Flesh out ideas independent of your novel

Just because you’re writing a novel, it doesn’t mean that you stop thinking about other stories and characters. In fact, some writers will tell you that it’s quite difficult to resist writing every new idea or character into their novel. If you’re constantly indulging in these new ideas with your novel, you risk turning the work into a bloated and convoluted work.   Short stories provide a constructive outlet for these new ideas that pop into your head; you can flesh them out over the course of a few pages and determine if they’re worth pursuing in long form.

If you write out a setting or a character in short story format and find that there’s much more to them than you initially thought, you might have the makings of another novel on your hands. In fact, many well-received novels began as short stories whose characters kept the authors engaged page after page. Some authors cite short stories as an incubator for good ideas: they’ll write out a scene or two with a new character to see how they develop. If the story works, the author might transform it into a longer narrative.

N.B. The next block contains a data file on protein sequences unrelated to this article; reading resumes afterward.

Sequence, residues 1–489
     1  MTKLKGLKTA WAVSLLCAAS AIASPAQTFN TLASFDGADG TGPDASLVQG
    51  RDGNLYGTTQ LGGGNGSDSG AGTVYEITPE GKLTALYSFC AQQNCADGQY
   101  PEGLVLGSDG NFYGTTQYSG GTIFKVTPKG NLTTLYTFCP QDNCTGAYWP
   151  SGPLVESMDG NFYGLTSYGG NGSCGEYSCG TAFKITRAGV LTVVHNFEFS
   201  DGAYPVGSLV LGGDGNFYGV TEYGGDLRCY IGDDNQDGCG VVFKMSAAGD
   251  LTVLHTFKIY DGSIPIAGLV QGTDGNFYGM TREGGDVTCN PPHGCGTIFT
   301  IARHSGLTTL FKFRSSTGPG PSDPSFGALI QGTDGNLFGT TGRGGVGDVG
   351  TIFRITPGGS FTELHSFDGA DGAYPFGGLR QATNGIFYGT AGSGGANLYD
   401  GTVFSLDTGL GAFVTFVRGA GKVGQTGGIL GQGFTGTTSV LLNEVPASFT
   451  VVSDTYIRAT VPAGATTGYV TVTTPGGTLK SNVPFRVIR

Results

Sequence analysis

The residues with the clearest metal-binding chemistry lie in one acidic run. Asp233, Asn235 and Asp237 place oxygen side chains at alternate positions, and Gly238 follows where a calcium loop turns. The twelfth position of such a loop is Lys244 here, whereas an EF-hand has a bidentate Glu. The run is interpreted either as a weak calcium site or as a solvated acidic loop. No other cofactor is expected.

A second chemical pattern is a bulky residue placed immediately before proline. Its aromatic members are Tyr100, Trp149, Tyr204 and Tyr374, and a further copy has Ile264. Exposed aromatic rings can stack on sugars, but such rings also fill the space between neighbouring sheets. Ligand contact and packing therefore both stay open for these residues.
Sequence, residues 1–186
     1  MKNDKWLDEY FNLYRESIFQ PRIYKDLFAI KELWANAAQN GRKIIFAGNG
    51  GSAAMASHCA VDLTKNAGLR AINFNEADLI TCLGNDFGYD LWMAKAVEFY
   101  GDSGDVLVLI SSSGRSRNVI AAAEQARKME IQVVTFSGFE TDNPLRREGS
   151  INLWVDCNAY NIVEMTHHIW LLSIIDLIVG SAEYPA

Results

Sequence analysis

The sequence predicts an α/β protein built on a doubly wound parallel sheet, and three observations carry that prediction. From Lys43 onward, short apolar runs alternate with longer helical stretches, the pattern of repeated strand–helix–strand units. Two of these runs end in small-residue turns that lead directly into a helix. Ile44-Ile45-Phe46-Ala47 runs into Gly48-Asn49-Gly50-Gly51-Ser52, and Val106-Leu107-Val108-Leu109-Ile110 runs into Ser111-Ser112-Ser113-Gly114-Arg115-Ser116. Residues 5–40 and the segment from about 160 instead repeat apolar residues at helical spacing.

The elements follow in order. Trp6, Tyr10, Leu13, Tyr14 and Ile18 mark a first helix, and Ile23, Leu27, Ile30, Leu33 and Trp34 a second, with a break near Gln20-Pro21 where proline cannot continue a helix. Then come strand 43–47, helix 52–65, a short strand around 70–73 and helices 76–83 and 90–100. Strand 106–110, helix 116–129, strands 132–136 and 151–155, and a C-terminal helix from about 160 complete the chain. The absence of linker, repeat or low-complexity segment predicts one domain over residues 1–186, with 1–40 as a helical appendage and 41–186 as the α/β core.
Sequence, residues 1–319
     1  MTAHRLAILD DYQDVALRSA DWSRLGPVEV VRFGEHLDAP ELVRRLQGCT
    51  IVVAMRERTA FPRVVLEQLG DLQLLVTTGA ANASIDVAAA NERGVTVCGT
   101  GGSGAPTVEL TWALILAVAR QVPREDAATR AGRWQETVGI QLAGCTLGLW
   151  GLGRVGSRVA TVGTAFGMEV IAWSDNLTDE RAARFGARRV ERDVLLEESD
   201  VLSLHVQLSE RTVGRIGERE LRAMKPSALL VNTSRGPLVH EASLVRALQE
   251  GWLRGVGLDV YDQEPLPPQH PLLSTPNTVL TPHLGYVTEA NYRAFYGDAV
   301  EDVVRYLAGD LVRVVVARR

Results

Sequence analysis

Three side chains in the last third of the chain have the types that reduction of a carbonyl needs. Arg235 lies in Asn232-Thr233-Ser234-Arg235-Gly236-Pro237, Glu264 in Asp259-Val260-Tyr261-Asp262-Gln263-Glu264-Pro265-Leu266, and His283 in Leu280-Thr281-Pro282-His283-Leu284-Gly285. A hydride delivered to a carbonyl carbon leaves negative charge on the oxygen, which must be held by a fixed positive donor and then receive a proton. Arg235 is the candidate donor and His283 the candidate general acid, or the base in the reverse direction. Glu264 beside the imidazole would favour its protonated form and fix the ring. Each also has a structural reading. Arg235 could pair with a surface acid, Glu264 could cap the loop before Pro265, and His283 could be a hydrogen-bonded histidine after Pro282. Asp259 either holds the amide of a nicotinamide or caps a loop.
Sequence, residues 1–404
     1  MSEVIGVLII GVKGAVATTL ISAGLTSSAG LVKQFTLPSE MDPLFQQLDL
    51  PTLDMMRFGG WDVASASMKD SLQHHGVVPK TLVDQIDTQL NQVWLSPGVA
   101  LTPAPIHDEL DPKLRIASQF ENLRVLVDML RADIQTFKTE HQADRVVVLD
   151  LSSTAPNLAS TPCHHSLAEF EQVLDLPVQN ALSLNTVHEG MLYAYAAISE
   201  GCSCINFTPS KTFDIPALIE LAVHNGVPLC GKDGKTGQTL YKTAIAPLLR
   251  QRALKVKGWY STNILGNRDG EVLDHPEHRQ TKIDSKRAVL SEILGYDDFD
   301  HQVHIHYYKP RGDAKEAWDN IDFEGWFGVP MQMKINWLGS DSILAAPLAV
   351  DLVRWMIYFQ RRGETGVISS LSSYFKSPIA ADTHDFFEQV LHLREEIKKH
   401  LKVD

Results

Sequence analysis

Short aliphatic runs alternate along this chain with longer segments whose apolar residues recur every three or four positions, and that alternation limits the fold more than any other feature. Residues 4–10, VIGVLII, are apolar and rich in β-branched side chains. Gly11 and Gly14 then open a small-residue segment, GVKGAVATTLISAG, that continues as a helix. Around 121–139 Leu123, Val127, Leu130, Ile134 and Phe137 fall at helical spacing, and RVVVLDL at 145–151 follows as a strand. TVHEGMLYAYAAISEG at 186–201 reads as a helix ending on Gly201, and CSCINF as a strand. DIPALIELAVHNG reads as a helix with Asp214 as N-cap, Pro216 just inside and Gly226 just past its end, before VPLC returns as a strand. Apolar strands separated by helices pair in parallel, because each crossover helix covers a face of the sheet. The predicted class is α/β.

Short stories as instant gratification

One of the most frustrating aspects of writing a novel is the seemingly endless process. Novelists will write for months and months without any sense of finality or closure to the ongoing narrative in their work. Completing a few short stories might grant novelists the sense of closure that they so want in their larger works. While a novel can takes months or years to complete, a particularly nimble writer could dash off a short story in a matter of hours. In this way short stories can offer a quick release to writers who feel like they can never complete a project. Completing a few well-constructed short stories might just be the validating experience that could impel a writer to continue that novel.